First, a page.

Beautiful women may be more likely to have affairs because of a sex hormone linked to attractiveness and flirtatiousness, new research has found.
Those with the most oestradiol, a form of oestrogen, consider themselves more attractive and are found more attractive by others.
They are also more likely to have affairs and change partners more regularly, a team of scientists found.
Women in this group tend to be less satisfied with their current lovers – and less committed to them, according to the psychologists.
The researchers at the University of Texas suggest these women engage in “opportunistic serial monogamy” – being open to flings and moving on to a new relationship if a higher-quality mate becomes available.
Dr Kristina Durante, a psychologist and author of the report, said: “Physically attractive women receive more male attention and, when in relationships, are more likely to be the targets of mate poaching. “Attractive women also have especially high mating standards.
“Because it’s difficult to obtain a partner who is a good provider and also has good genes, women often have to trade off between having a long-term mate who provides continual material resources and more physically attractive, short-term sexual partners with good genetic resources.
“However, highly attractive women demand greater amounts of both types of resources in a male partner, in addition to good parenting and partner skills. Thus, physically attractive women may not only have more alternatives but also high standards that are difficult to satisfy.
“Accordingly, they may have fewer reasons to be committed to any particular partner if higher quality potential mates are available.”
Many a man has found to his cost that no woman likes to be told she is ruled by her hormones but oestradiol is linked to female fertility and reproductive health.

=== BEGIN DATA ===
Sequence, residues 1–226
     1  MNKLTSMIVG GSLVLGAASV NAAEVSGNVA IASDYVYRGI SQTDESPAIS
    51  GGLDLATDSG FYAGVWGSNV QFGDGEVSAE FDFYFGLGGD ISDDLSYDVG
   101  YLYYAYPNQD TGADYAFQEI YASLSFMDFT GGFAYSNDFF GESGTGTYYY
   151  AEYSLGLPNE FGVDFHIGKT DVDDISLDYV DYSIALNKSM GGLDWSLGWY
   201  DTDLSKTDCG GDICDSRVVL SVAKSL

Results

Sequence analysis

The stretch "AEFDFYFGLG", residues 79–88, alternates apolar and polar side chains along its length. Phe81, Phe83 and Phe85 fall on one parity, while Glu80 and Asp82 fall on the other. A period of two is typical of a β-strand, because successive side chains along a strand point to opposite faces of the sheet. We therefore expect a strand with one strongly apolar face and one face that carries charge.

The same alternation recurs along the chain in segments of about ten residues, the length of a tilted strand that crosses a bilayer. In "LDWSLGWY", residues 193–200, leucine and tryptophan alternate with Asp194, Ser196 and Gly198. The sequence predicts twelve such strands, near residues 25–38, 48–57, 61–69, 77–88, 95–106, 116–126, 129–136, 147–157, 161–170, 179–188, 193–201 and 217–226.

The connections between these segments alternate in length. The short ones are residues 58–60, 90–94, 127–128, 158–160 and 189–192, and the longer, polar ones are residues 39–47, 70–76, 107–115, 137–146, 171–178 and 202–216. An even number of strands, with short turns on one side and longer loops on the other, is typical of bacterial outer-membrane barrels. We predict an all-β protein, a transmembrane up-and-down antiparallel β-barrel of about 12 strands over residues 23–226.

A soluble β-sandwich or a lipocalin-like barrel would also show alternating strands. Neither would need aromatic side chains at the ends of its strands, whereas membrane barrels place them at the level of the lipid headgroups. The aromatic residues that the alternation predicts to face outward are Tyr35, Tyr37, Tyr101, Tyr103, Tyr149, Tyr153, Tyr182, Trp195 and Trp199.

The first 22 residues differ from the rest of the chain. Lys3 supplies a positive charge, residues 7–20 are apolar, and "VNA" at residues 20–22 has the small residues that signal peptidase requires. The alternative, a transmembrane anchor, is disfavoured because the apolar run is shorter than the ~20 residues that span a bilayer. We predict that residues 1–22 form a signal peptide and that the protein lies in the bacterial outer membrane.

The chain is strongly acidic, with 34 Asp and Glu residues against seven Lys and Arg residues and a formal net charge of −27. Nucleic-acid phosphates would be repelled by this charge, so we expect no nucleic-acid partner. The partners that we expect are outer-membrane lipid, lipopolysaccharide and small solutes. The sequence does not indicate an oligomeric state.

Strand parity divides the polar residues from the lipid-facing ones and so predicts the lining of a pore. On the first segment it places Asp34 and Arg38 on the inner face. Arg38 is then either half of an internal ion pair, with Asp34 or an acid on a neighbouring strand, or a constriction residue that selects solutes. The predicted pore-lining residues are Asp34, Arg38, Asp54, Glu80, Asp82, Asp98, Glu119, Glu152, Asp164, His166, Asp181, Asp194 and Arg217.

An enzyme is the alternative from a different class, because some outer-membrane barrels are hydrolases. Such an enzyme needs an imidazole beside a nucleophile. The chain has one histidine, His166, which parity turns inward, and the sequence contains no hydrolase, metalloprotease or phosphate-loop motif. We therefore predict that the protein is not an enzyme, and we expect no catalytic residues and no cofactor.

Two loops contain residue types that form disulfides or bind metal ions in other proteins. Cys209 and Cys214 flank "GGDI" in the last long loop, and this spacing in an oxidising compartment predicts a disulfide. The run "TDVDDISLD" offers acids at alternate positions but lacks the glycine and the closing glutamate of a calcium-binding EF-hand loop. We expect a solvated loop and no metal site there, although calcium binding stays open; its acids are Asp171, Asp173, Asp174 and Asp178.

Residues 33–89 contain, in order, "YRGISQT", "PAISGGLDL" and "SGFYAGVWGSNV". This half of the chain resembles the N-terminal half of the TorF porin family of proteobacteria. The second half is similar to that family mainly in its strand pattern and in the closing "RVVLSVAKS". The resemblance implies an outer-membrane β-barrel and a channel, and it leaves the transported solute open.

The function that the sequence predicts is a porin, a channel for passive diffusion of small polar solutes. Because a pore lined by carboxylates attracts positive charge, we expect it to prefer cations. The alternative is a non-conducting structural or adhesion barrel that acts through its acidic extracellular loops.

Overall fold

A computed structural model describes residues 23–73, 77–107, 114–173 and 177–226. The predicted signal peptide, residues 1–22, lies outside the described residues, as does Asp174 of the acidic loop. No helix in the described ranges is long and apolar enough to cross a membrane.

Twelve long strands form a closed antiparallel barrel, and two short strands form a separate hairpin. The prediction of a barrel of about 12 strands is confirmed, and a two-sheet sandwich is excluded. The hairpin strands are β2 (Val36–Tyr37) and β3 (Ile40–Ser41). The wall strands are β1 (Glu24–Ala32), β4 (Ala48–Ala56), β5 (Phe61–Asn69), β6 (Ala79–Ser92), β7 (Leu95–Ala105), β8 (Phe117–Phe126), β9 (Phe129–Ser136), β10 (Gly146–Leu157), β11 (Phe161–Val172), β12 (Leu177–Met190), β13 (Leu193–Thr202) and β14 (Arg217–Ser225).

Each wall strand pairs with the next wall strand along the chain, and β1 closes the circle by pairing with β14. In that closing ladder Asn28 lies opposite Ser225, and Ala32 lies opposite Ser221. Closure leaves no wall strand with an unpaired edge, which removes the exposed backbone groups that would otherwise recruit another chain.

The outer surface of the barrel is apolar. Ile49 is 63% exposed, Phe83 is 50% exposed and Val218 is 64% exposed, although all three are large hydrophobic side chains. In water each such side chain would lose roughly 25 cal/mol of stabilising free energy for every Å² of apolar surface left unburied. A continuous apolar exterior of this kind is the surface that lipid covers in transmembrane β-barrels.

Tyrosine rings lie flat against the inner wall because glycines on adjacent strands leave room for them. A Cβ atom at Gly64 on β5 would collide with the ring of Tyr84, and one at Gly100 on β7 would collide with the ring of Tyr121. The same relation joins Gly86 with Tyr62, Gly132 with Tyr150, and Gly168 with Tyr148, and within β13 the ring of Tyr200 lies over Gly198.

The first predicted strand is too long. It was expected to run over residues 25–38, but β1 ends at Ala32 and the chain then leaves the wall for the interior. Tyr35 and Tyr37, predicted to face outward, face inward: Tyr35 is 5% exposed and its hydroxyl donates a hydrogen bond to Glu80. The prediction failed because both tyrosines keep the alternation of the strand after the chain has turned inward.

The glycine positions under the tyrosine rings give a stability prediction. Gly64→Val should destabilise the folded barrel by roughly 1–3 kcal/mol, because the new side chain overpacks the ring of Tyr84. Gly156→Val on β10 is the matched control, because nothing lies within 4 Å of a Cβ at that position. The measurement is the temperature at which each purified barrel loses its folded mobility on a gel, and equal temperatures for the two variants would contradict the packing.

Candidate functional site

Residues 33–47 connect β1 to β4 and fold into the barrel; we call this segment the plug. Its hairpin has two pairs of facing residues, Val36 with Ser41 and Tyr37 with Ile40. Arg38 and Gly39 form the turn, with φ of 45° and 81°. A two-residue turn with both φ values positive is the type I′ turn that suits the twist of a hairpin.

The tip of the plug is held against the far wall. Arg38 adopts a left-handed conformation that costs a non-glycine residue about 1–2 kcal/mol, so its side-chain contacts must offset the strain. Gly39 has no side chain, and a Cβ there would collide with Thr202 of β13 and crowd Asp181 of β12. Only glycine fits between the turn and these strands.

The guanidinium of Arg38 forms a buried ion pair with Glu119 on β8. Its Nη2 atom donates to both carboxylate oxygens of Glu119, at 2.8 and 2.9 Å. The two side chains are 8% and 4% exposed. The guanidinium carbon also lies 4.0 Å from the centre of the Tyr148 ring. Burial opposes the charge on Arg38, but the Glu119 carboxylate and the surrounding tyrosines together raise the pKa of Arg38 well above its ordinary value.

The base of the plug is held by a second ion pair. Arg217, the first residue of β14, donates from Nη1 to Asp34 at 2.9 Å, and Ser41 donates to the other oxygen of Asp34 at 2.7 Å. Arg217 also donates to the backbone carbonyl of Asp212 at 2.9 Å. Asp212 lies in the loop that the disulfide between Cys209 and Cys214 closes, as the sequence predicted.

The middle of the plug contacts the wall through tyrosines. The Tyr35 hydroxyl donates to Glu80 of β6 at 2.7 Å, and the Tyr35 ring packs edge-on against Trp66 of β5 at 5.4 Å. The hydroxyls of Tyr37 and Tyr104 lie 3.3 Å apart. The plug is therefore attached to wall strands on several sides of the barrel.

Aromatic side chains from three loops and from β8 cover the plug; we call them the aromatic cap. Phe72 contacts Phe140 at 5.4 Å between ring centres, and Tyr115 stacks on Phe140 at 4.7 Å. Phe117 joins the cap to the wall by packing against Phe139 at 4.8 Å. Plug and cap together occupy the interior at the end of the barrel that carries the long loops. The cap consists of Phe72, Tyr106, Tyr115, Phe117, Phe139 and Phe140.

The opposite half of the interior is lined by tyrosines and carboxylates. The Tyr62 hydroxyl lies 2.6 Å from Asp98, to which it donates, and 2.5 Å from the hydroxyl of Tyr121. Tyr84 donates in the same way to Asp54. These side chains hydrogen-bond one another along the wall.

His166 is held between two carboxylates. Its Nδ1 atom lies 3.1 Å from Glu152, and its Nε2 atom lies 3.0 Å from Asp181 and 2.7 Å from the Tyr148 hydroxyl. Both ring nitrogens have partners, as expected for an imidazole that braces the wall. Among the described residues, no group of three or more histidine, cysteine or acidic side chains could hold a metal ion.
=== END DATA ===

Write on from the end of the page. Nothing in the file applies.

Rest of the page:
Previous research has shown oestradiol, which is similar to testosterone in men, fuels a lust for power with single women and those who are not on the Pill particularly vulnerable to the vagaries of the sex hormone.
In the study, published in the Royal Society’s journal Biology Letters, Dr Durante and colleagues took saliva samples from fifty-two female students aged 17 to 30 at two stages of their menstrual cycle to measure their hormone levels.
They were also questioned about their sexual histories and asked to rate their own looks before two male and seven female undergraduates blind to the research were invited to score their attractiveness from full-body photos.
Dr Durante said: “Women with higher oestradiol reported a greater likelihood of flirting, kissing and having a serious affair with someone other than their primary partner and were marginally more likely to date another man.”
But while high-oestradiol women had significantly more long-term relationships the hormone was not related to the likelihood of one-night stands.
Dr Durante said: “The results suggest although high-oestradiol women may not subjectively prefer long – over short – term relationships, they nonetheless adopt a strategy of serial monogamy.”
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